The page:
The Last Kiss (2006)
Zach Braff has exploded in such a short amount of time. He was underappreciated on the perennially underappreciated Scrubs, but then his breakthrough came in 2004 with Garden State, an aloof, charming love story about personal awakening. After just one movie Braff is now a name-above-the-title headliner. For his second film, The Last Kiss, Braff stars as another young man going through another personal crisis. He even selected the radio-friendly songs for the soundtrack just like he did with Garden State. This new movie is actually a remake of a 2001 Italian film, adapted by Oscar-winning screenwriter Paul Haggis (Crash). But there?s one big difference between Garden State and The Last Kiss? Garden State is actually good.
Michael (Braff) works as an architect in Wisconsin. He’s having a bit of a crisis with the state of his life close to his impending thirtieth birthday. His girlfriend, Jenna (Jacinda Barrett), is pregnant with his child and the two are planning for their future, but all around them relationships are falling apart. Chris (Casey Affleck) feels crushed by the demands of his newborn child and wife. Kenny (Eric Christian Olsen) is looking for guilt-free sex. Izzy (Michael Weston) is a wreck after having his heart broken by his ex. Jenna’s parents (Blythe Danner and Tom Wilkinson) may be splitting after 30 years of marriage, not all of them blissful.
With all this in mind, Michael worries that his life seems too scripted now and deficit in surprises. Then along comes Kim (The O.C.‘s Rachel Bilson), a young flirty college student that shows a strong interest in Michael. He must decide where his life is heading and whose hand he’ll be holding.
One of the reasons The Last Kiss is hard to get into is that the film never really elaborates why this foursome of guys have it so bad. Chris complains about a dead marriage but maybe his wife would nag him less if he spent more time trying to chip in around the house instead of avoiding his fatherly duties. Kenny is all gung-ho about a hot girl who’s interested in relationship-free sex, but then he runs the other way when, heaven forbid, the girl mentions the idea of commitment. Next thing you know, Kenny is not only running away from this girl but he’s joining Izzy on his cross-country road trip. He’s laving the state because of the potential whiff of commitment. My fiancé, after we saw the movie, thought it was too stereotypical (woman: says one thing, wants other, man: scared of anything lasting). She suggested that Kenny slowly turns around his stance and wants to commit to this girl, who he obviously feels to be special. But that would mean The Last Kiss actually cares about the characters of Kenny and Izzy. These two serve more as a spare tire in a male relationship, and both their storylines are tied up with great time to spare.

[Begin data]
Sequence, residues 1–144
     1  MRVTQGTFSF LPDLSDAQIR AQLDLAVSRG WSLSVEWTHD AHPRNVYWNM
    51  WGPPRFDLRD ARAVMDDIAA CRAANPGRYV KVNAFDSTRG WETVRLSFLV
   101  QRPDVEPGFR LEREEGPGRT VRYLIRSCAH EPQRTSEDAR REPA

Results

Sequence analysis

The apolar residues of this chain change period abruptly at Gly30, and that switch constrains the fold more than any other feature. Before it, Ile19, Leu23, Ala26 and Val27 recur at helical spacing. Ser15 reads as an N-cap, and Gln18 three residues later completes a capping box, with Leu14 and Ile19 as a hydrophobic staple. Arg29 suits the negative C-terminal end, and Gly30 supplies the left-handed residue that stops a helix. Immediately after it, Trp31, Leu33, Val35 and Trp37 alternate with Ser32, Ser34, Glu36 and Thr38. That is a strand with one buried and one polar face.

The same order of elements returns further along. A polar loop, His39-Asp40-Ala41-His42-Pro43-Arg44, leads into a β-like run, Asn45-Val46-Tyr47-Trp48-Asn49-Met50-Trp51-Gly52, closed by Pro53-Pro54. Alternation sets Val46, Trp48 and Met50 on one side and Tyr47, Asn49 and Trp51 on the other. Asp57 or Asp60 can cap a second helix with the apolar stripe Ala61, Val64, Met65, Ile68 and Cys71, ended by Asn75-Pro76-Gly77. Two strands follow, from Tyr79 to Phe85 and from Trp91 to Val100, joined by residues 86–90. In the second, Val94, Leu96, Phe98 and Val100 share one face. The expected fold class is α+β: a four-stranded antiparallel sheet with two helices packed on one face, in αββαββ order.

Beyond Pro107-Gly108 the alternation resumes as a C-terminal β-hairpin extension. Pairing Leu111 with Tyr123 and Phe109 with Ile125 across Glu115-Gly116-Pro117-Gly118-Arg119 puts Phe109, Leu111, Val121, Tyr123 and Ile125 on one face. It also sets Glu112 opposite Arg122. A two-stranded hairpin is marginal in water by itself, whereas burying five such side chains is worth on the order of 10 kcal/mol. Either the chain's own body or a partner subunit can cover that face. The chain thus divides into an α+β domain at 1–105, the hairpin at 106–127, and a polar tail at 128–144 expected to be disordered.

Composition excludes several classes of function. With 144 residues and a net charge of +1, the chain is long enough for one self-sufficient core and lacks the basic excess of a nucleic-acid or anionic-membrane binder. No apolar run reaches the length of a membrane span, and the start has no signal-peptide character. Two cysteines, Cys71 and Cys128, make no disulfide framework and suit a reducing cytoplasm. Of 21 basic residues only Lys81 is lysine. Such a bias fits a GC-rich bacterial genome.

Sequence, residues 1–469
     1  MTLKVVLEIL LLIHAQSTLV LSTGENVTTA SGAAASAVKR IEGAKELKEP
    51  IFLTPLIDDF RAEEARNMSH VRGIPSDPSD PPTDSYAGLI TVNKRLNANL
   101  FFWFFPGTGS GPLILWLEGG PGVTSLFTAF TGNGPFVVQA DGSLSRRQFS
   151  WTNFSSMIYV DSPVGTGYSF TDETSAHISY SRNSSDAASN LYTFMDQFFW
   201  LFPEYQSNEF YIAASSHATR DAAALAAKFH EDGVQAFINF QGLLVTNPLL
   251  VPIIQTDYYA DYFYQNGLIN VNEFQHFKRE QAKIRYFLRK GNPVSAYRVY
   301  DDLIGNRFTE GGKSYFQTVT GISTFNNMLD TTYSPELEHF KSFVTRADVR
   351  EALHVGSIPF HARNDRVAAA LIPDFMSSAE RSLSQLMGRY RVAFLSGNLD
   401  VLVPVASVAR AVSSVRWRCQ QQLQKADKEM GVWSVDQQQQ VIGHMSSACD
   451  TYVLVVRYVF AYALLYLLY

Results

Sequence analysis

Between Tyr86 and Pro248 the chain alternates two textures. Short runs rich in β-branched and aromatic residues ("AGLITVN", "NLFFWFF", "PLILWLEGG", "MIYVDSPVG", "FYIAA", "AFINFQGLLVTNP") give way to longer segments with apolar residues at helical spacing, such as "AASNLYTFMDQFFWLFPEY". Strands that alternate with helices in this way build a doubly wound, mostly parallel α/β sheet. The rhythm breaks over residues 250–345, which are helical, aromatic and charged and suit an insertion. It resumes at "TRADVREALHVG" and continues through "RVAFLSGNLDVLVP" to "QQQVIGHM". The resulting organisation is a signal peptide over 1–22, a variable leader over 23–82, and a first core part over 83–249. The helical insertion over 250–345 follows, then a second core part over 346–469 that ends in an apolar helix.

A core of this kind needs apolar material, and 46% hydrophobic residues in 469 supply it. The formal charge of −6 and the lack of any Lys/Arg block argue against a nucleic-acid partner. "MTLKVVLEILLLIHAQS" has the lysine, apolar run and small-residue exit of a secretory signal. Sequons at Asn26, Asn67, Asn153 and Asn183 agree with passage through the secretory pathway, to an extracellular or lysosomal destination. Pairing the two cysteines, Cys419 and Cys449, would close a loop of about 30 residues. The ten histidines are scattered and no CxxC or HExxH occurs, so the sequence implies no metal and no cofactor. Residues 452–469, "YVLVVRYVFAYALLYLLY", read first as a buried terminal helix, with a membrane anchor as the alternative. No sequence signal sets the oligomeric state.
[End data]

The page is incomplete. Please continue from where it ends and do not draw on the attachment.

Worst of all is Michael’s plight. He’s told by his buddies that he’s snagged the “perfect girl,” and from what we see she really is a lovely catch. Michael is freaking out because his life seems too tidy and empty of “surprises” now that a baby?s on the way. Boo hoo. So to jazz up his surprise-free life he has a fling with a college girl. Surprise! Isn’t your life better now, Michael? If it weren’t for the affable charm of Braff, who emits certain Dustin Hoffman Graduate vibes, the audience would feel no varying degree of sympathy for the dolt. Michael really bruises two innocent people just to needlessly reaffirm what he already knew. It’s hard to get behind all this. We don’t have to like characters, or their actions, but it hurts the drama when you’re simply watching one character hurt others for foolhardy reasons only evident to that character. In Unfaithful, we never really knew why Diane Lane had an affair but at least we saw complexity and strong repercussions.